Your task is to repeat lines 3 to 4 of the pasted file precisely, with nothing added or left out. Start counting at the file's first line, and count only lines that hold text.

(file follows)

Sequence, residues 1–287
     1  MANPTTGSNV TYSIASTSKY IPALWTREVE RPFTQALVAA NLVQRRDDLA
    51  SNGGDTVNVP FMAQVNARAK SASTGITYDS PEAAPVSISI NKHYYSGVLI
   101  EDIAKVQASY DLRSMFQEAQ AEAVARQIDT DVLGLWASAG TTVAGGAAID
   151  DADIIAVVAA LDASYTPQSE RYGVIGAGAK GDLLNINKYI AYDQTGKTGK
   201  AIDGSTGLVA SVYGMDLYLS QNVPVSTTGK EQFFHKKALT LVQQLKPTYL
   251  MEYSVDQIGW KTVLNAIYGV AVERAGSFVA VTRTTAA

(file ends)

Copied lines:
    51  SNGGDTVNVP FMAQVNARAK SASTGITYDS PEAAPVSISI NKHYYSGVLI
   101  EDIAKVQASY DLRSMFQEAQ AEAVARQIDT DVLGLWASAG TTVAGGAAID